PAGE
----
This always-on, always-connected computer in the palm of our hand has transformed how we communicate, stay in touch, and document and share our lives. Perhaps the most important shift will be in education – learning outcomes will be markedly improved in an area that has changed minimally in the last five hundred years.
Education helps us train successive generations for skills and abilities that will be necessary when they come of age; given the pace of technology development and scientific advances, it boggles the mind to try and predict where we will need our graduates to be in 2035. Some refer to this task as reforming education; it might be easier to think of it as, simply, necessary evolution.
When we think of where education stands now in preparing today’s youth for the workforce, three of the main sources of information and content are textbooks, teachers, and peers. Let’s discuss textbooks first.
Learning outcomes will be markedly improved in an area that has changed minimally in the last five hundred years
The average textbook refresh cycle is often 6-8 years; sometimes as long as 8-10 years. We can still find textbooks in use in our schools that still say, for instance, that “Pluto is a planet” and “George W. Bush is president.” How can we expect our students to excel and move forward when they are learning concepts that are woefully out-of-date?
Another problem with most textbooks today is that they’re written for either Texas or California school boards and standards. A textbook that caters to all the students in one of these great states might meet the acceptable bar for minimal standards, but is unlikely to provide learning outcomes for all students. And for those students outside the state targeted by the textbooks? Good luck!
Finally, most traditional textbooks don’t allow for diverse teaching styles, neither in shuffling the order of topics, nor in terms of how our teachers might use alternative format resources, be it a worksheet, lesson plan, quiz template, etc. Empowering them with different content types could make a difference in how effectively they are able to help students understand the material.
How should we fix this? What can we, the first generation to have a handheld computer connected to every resource we can think of, do about this time-honored, but inflexible and often expensive, textbook problem? We may now have an opportunity to rethink the way content is created, distributed, and experienced.
Open Educational Resources (OER) is one example of an effort to provide high-quality resources that teachers can access, revise, and reuse. However, OER resources are still limited in terms of the number of people contributing to them.
Teachers and students generate tens of millions of resources every year, some which they might be willing to share with other students and teachers in their schools, districts, and/or the entire world. Some of these are likely to be the ideal resource for others; the rest may be an interesting starting point for a mix-and-match, reuse model for others. The question is how do teachers and students find these resources?
Sites such as the Learning Registry, Teachers Pay Teachers, TES, and (our own) Edmodo Spotlight, are attempting to solve the problem of discoverability by gathering, tagging, rating, and indexing these resources.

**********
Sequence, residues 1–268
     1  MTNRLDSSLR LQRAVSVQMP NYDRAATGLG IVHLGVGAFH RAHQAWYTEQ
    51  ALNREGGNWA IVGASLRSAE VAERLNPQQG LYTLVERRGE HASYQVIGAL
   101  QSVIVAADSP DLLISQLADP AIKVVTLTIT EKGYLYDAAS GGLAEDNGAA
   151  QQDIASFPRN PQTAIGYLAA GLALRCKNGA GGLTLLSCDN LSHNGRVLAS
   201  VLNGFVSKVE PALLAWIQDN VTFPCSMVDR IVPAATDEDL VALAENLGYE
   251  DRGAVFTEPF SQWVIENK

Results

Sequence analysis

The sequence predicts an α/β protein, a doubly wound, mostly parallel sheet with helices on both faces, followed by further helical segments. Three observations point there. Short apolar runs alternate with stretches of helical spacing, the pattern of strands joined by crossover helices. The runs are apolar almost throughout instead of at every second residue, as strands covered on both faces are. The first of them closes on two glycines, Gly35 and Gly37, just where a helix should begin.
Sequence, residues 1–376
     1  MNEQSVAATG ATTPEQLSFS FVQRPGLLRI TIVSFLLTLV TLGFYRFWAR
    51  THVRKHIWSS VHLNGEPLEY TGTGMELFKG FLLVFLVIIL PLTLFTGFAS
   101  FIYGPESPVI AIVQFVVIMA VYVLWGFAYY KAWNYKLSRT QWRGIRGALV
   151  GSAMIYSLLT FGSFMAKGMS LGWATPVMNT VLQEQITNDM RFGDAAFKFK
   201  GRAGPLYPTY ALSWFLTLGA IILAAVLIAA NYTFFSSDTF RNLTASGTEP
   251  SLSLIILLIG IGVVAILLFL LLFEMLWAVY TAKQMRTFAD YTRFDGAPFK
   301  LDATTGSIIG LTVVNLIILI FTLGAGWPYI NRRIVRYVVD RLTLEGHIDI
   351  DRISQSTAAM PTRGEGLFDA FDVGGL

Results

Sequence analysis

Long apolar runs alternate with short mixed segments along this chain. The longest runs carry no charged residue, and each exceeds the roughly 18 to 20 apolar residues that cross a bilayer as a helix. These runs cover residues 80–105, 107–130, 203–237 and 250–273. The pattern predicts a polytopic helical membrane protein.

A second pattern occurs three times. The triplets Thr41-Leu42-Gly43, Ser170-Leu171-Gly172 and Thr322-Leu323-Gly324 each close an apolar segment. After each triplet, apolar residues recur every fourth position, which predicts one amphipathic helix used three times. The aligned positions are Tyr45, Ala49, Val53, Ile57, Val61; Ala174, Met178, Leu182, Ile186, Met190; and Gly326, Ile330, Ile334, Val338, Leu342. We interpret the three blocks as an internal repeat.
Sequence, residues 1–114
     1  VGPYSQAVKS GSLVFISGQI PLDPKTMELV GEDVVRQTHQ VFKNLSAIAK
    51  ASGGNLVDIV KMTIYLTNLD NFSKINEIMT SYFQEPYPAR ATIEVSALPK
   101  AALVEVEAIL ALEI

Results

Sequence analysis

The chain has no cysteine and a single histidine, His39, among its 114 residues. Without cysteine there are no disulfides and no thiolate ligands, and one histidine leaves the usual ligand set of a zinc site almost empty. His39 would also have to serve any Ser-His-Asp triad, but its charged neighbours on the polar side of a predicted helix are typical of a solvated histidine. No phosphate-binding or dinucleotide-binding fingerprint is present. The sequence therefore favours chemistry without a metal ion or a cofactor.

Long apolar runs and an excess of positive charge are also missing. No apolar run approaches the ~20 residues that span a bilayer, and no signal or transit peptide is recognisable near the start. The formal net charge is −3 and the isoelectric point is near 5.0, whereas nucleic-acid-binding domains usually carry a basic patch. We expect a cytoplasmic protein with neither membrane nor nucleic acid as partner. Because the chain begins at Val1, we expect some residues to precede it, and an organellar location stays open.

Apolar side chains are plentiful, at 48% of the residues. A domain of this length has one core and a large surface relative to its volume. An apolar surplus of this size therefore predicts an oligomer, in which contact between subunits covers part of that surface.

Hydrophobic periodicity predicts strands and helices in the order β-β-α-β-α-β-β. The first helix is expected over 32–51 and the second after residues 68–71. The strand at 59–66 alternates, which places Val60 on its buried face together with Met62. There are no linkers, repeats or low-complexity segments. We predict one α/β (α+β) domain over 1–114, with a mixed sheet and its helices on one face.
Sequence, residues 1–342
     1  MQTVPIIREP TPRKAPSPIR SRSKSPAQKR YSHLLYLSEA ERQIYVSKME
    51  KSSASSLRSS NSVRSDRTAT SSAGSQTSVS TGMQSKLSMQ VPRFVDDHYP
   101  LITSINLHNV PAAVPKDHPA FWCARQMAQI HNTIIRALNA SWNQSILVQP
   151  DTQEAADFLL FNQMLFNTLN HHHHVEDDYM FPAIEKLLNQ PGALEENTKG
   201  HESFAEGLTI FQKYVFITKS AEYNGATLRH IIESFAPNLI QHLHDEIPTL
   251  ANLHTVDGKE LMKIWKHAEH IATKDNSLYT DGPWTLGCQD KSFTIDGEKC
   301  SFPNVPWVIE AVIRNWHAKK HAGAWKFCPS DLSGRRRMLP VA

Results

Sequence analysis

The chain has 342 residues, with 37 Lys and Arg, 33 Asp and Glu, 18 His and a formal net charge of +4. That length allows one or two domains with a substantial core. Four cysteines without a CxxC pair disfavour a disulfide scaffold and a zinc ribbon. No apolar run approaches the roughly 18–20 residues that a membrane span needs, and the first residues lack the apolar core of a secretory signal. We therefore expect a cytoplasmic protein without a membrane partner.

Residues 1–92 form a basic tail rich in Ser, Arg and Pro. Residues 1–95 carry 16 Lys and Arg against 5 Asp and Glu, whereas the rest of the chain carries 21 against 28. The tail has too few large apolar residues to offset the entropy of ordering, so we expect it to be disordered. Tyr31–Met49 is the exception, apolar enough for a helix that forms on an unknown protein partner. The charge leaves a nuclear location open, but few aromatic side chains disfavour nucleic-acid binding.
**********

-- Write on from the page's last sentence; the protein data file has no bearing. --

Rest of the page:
One of the interesting side-effects of these sites is that they often turn some of these contributors into superstars as their content is discovered by thousands and used over and over again.
If these resources can be used in a digital classroom environment, their impact on learning outcomes can be inferred by comparison with other similar user populations, allowing us to ascribe very fine-grained models of use and effectiveness to each resource for each user type.
Learning is better when the student is engaged, the teacher is inspiring, and peers are collaborative; perhaps everything is better in that case!
Technology often allows us to scale some resources and not others. OER allows us to take a great stride forward to further both the accessibility and quality of resources that can be used in the classroom.
It was Phil Collins who memorably said: “In learning you will teach. In teaching you will learn.” We might perhaps add to that statement: “In sharing, you will grow.” Just as re-tweets can often be a signal of interestingness, the number of times a resource was shared, accessed, and stored can be a great signal for the effectiveness of a resource.
Perhaps, one of these days, we will be able to have different metrics for grading than answering questions in a quiz.
There is so much more change to come in education; some may call it disruption; we call it inevitable. This is just the tip of the iceberg — and teachers are at the heart of it.
The enormous growth potential that has already begun in the area of content discovery makes me very optimistic for the future of pattern recognition and teaching/learning cycles. If we can start tying resource consumption to learning outcomes, we can take learning in entirely new directions.
The promise of ubiquitous learning lies in our ability to connect the dots between accessibility, quality content, and meaningful connections to the people that make the experience a fulfilling one. And thanks to technology, we can get there.